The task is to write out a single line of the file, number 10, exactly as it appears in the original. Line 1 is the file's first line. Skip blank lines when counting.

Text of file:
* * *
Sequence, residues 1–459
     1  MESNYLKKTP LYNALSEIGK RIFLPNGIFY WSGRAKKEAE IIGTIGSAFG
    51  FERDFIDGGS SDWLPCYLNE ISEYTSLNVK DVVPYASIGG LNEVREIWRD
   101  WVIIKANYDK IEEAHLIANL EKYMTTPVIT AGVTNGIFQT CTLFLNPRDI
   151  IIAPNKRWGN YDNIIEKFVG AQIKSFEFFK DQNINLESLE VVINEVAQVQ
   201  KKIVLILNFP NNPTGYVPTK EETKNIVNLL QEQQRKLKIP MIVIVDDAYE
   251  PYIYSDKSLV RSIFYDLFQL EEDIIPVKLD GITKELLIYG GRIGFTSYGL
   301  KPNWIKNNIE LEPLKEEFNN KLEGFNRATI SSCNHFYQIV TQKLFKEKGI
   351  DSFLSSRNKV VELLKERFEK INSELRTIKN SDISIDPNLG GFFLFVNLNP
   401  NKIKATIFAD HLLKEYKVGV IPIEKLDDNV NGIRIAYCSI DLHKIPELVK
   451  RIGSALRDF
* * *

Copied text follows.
   401  NKIKATIFAD HLLKEYKVGV IPIEKLDDNV NGIRIAYCSI DLHKIPELVK